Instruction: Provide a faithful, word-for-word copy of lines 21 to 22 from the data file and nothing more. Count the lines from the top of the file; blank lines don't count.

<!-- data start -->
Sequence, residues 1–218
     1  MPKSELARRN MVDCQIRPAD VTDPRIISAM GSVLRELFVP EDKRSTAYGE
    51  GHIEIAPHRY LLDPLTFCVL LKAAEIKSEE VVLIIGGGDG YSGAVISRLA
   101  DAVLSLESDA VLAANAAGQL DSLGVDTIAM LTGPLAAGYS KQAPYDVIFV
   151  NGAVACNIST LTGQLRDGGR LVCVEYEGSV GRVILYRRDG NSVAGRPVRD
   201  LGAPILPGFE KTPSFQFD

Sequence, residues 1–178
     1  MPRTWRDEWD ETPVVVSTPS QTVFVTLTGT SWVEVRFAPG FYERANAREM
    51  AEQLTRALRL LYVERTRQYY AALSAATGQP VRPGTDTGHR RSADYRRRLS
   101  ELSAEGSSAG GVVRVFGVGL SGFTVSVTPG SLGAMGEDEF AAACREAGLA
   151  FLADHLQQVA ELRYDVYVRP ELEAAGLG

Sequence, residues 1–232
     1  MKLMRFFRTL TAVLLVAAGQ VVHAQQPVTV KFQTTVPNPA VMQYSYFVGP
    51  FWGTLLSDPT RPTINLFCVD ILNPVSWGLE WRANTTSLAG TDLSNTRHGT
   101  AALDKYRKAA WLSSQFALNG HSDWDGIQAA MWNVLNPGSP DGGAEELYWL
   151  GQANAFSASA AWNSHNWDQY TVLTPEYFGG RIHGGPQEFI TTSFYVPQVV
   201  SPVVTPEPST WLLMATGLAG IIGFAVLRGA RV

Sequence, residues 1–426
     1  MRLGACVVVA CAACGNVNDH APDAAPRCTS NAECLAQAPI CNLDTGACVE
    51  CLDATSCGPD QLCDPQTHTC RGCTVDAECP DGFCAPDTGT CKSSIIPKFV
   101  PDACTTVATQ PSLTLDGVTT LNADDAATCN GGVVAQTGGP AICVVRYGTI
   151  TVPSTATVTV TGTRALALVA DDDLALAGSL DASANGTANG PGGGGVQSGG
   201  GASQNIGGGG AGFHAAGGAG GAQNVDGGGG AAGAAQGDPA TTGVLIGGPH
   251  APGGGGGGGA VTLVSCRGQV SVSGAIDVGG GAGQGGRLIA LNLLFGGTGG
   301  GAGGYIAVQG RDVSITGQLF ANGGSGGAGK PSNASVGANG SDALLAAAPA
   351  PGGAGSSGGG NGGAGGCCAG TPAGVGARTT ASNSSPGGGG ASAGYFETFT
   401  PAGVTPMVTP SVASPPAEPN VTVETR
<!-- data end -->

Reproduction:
   101  PDACTTVATQ PSLTLDGVTT LNADDAATCN GGVVAQTGGP AICVVRYGTI
   151  TVPSTATVTV TGTRALALVA DDDLALAGSL DASANGTANG PGGGGVQSGG